Of course, like any leader, Roosevelt had his shortcomings. Critics argue that his aggressive foreign policy was too interventionist, often disregarding the sovereignty of other nations. Additionally, his stance on civil rights and racial equality fell short of modern standards. Roosevelt’s controversial decisions, such as the dismissal of African-American soldiers from the military, tarnish his otherwise exemplary record. It is important to acknowledge and critique these shortcomings, as they form part of his overall presidential legacy.

In the final analysis, Theodore Roosevelt’s impact as a president cannot be understated. His progressive agenda, commitment to conservation, and assertive foreign policy have left an enduring imprint on American history. While his presidency was not without flaws, his accomplishments far outweigh any missteps. Roosevelt’s legacy continues to shape the United States, inspiring leaders to prioritize the welfare of the American people, the conservation of natural resources, and the pursuit of a strong and influential global presence. It is for these reasons that Theodore Roosevelt is undoubtedly considered a good president, whose contributions continue to resonate with Americans to this day.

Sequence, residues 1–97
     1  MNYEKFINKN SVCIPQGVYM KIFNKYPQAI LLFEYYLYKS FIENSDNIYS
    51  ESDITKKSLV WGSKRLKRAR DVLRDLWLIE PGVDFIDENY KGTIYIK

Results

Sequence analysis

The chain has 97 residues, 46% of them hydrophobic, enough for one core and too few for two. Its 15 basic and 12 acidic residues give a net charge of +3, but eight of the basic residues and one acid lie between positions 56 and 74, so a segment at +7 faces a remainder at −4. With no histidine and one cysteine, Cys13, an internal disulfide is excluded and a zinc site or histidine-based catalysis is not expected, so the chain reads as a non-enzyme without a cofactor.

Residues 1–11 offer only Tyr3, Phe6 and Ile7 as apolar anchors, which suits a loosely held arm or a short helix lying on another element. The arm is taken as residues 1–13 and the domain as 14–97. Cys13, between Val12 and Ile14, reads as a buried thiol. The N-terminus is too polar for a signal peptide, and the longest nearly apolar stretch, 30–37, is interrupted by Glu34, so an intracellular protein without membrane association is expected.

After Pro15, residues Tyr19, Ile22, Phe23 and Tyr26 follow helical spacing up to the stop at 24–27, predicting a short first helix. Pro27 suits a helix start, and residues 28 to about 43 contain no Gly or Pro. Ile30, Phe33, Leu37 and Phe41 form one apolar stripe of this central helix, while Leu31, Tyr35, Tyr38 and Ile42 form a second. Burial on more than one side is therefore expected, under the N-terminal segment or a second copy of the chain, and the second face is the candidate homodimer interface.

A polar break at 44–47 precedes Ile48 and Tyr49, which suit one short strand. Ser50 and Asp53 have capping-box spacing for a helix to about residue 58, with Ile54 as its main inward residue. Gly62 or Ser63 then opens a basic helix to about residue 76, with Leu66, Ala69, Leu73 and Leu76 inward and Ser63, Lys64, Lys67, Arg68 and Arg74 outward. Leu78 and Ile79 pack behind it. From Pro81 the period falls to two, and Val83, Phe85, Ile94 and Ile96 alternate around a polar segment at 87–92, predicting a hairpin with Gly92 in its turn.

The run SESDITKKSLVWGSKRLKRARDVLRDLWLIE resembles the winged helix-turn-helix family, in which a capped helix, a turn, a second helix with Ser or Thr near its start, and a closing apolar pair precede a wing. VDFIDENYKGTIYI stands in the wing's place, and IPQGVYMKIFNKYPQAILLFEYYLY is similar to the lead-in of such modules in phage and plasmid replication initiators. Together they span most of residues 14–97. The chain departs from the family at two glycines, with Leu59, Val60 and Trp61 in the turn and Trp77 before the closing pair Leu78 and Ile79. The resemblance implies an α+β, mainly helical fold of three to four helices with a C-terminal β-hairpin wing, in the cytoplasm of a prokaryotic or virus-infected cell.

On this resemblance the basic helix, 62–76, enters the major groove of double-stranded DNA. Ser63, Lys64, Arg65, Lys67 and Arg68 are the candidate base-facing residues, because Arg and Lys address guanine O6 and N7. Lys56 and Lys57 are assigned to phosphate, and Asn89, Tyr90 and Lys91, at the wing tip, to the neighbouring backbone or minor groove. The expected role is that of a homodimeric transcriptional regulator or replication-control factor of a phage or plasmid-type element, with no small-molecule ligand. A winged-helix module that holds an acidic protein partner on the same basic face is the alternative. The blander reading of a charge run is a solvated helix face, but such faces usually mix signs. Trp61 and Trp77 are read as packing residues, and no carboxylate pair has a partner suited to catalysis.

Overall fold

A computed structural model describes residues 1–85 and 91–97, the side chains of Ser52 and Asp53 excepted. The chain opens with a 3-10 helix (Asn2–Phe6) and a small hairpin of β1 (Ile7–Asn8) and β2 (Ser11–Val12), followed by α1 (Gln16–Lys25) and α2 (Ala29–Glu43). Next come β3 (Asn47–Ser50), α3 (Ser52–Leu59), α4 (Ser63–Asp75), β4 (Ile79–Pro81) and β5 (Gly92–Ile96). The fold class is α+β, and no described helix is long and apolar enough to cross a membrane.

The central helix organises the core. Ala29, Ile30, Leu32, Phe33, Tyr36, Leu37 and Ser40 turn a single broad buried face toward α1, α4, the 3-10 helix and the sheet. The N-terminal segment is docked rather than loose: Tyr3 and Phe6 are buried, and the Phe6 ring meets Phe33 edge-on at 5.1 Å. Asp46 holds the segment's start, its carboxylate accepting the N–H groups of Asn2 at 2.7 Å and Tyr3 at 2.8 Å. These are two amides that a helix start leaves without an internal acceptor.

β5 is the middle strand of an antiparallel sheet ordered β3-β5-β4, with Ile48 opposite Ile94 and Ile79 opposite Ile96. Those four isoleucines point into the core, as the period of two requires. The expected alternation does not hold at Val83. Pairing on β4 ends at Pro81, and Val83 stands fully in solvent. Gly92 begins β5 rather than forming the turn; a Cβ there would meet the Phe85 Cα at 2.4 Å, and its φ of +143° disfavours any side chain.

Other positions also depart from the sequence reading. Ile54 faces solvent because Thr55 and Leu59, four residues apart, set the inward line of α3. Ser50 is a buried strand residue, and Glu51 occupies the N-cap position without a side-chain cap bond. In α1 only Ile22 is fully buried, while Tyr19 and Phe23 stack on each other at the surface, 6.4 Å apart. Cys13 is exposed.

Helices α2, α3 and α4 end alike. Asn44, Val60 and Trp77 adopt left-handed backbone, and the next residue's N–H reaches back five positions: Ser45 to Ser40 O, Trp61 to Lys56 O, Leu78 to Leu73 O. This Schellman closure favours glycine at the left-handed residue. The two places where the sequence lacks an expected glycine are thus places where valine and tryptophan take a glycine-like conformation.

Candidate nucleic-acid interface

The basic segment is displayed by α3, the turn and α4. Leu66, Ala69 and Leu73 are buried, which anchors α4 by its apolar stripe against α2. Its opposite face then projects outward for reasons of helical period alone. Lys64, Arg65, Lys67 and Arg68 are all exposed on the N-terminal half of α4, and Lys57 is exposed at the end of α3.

Salesforce Trailhead Challenge

JLR is one of many companies implementing elements of the Salesforce product suite.